Kingswood a safe haven

Matamata Chronicle - - News - Any­one in­ter­ested in be­com­ing a vol­un­teer or sup­port worker should ring 0800 004 001, 07 929 4042, or email

Kingswood Rest Homes are com­fort­able, com­pas­sion­ate and friendly homes for res­i­dents and those who pro­vide their care.

Sur­rounded by beau­ti­ful gar­dens, Kingswood pro­vide a car­ing, home-like en­vi­ron­ment where the older per­son can live with the dig­nity, hon­our and re­spect they de­serve as se­nior mem­bers of our com­mu­ni­ties.

Kingswood pro­vide safe havens for their res­i­dents, re­spond­ing to their chang­ing needs and con­tin­u­ally mea­sur­ing and im­prov­ing the qual­ity of their ser­vices to them.

There is sup­port at all times by qual­i­fied staff who will pro­vide the high­est level of on­go­ing in­di­vid­u­alised care ap­pro­pri­ate to the needs of each and ev­ery res­i­dent.

At King­wood’s Mata­mata and Mor­rinsville Rest Homes, spe­cialised care for peo­ple di­ag­nosed with de­men­tia is of­fered.

In Mor­rinsville, Kingswood also of­fer Rest Home Care and As­sisted Liv­ing Fa­cil­i­ties. Both rest homes also of­fer day and respite care.

Kingswood’s qual­i­fied nurs­ing and care­giv­ing staff are car­ing and ex­pe­ri­enced and un­der­take reg­u­lar train­ing and ed­u­ca­tion.

Kingswood staff mem­bers be­lieve in en­cour­ag­ing stim­u­lat­ing con­tact with peo­ple of all ages and the op­por­tu­nity to be in­volved in ther­a­peu­tic and chal­leng­ing ac­tiv­i­ties within the home and/or com­mu­nity.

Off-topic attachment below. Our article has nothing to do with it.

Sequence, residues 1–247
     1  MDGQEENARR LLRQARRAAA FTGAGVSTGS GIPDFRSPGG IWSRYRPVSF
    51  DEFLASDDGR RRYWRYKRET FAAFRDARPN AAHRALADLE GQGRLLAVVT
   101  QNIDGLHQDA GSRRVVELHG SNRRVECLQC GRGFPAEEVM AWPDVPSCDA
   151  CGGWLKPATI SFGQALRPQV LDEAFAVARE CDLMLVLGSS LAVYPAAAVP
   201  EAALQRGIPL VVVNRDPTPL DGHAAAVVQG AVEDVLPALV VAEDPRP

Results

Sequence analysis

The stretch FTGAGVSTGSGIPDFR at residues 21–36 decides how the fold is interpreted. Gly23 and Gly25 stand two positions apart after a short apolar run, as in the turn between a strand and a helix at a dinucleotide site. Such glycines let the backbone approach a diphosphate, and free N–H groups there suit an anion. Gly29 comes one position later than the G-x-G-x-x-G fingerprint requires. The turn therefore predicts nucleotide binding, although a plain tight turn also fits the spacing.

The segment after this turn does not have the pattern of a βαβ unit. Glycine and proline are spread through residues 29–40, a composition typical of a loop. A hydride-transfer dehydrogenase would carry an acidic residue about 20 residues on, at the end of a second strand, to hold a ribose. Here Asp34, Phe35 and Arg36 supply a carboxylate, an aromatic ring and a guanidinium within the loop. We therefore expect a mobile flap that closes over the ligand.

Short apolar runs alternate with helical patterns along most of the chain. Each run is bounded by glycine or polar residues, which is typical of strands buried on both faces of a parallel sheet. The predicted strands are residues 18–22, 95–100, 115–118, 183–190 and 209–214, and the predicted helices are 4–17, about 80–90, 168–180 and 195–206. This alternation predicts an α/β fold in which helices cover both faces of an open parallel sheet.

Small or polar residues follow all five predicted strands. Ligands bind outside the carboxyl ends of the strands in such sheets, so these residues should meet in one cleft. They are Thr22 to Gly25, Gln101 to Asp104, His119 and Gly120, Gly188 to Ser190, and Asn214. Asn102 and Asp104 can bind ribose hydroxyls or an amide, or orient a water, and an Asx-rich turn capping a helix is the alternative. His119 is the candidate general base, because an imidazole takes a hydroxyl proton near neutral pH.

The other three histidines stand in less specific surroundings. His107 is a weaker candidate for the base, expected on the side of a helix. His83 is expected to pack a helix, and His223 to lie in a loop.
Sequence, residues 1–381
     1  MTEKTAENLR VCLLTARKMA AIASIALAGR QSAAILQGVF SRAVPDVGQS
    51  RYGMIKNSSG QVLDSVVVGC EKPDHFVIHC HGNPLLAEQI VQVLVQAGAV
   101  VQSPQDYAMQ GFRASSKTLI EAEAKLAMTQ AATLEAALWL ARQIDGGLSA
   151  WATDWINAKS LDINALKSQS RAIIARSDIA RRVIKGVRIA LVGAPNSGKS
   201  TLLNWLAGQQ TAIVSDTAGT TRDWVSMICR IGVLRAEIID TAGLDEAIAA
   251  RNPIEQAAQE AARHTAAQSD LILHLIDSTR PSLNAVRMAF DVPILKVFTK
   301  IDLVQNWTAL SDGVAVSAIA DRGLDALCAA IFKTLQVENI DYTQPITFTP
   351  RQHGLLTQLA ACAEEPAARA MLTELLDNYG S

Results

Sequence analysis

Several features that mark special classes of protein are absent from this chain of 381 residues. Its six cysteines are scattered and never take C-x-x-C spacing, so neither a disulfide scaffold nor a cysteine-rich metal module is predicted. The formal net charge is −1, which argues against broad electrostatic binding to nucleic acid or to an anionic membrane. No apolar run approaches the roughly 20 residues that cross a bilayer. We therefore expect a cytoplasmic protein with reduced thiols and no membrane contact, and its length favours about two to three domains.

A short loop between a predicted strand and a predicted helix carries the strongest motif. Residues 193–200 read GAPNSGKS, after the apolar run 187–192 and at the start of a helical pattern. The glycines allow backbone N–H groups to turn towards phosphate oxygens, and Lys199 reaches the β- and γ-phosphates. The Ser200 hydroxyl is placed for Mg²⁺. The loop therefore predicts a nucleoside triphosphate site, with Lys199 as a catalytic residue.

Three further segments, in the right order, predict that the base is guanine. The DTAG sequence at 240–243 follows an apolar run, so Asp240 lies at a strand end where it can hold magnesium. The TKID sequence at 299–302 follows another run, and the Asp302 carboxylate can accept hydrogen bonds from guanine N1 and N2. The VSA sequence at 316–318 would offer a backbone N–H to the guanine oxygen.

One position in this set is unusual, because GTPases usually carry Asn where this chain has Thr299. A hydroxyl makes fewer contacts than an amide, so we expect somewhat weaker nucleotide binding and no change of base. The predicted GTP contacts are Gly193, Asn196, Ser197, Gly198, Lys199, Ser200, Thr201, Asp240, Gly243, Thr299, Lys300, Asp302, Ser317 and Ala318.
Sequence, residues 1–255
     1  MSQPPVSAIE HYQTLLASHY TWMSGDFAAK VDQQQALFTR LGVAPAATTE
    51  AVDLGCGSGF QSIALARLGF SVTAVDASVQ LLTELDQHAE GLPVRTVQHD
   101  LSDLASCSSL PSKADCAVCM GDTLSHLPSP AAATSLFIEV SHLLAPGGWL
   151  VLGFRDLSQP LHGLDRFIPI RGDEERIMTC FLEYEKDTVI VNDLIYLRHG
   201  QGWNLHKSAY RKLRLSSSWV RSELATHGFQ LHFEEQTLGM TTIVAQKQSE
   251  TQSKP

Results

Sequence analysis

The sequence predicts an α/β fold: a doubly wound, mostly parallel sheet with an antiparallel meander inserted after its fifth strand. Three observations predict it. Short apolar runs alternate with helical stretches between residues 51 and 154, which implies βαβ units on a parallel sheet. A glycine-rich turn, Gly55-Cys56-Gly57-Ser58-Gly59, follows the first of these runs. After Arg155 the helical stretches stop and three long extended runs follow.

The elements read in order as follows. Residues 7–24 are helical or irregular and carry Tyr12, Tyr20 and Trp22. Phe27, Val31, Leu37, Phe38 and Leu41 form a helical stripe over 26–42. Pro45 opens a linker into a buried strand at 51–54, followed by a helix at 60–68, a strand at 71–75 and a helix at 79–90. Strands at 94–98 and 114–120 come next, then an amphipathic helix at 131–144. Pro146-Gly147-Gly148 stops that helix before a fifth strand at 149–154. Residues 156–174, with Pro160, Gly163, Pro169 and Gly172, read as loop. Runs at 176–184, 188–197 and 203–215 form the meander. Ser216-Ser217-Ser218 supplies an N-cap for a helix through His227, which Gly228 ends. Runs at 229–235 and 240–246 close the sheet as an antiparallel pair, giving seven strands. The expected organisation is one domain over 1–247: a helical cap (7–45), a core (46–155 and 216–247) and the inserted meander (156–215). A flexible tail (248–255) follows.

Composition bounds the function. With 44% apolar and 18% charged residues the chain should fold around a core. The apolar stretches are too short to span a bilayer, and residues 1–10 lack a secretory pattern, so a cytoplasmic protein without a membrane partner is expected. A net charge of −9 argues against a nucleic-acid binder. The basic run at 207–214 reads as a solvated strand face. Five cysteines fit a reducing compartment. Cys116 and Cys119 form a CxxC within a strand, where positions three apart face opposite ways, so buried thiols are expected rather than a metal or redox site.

Through the ‘‘Spark of Life’’ Phi­los­o­phy, Kingswood will re-ig­nite the hu­man spirit, boost self­es­teem and bring joy to the lives of res­i­dents, en­sur­ing that the Kingswood Rest Homes are a place where the staff love work­ing, the res­i­dents love liv­ing and their fam­i­lies and friends love vis­it­ing.

Next month is World Alzheimer’s Month, with events tak­ing place world­wide un­der the theme of De­men­tia: a jour­ney of car­ing.

In the Waikato, aware­ness week col­lec­tions are from Septem­ber 16 to 21, and vol­un­teers and sup­port work­ers are needed to help re­duce the stigma of­ten as­so­ci­ated with de­men­tia.

The dis­ease causes pro­gres­sive dam­age to the brain. Alzheimer or­gan­i­sa­tions have ob­served World Alzheimer’s Day since 1994.

In Waikato, Alzheimer’s Dis­ease In­ter­na­tional’s seven staff, two of whom are part-time, care for an aver­age of 450 peo­ple.

They cover the en­tire Waikato Dis­trict Health Board re­gion, with 12 car­ers sup­port groups meet­ing monthly and op­er­at­ing as far afield as Whi­tianga and Tau­marunui.

Alzheimer’s Waikato be­came in­sol­vent in 2009, but staff stayed on as vol­un­teers and it started up again in Jan­uary 2010. Core ser­vices are run­ning well, but there are ad­di­tional projects need­ing fund­ing or re­sources to get un­der way. Only 14 per cent of Alzheimer’s Waikato’s ex­pen­di­ture comes from a dis­trict health board con­tract – all other fund­ing is from grants, the an­nual ap­peal, fundrais­ing events, or do­na­tions and be­quests.

The Waikato branch has two leased ve­hi­cles, and Waikato Honda con­tin­ues its long-term sup­port by loan­ing the group a car, com­plete with a filled tank, free, for a week each month when the sup­port co­or­di­na­tor is in the Coro­man­del.

The or­gan­i­sa­tion also has vol­un­teers who help with fundrais­ing, and oth­ers who as­sist the clients. Alzheimer’s Waikato is keen to train more of th­ese vol­un­teers – or there is an op­tion to be paid through the Min­istry of Health carer sup­port pro­gramme.

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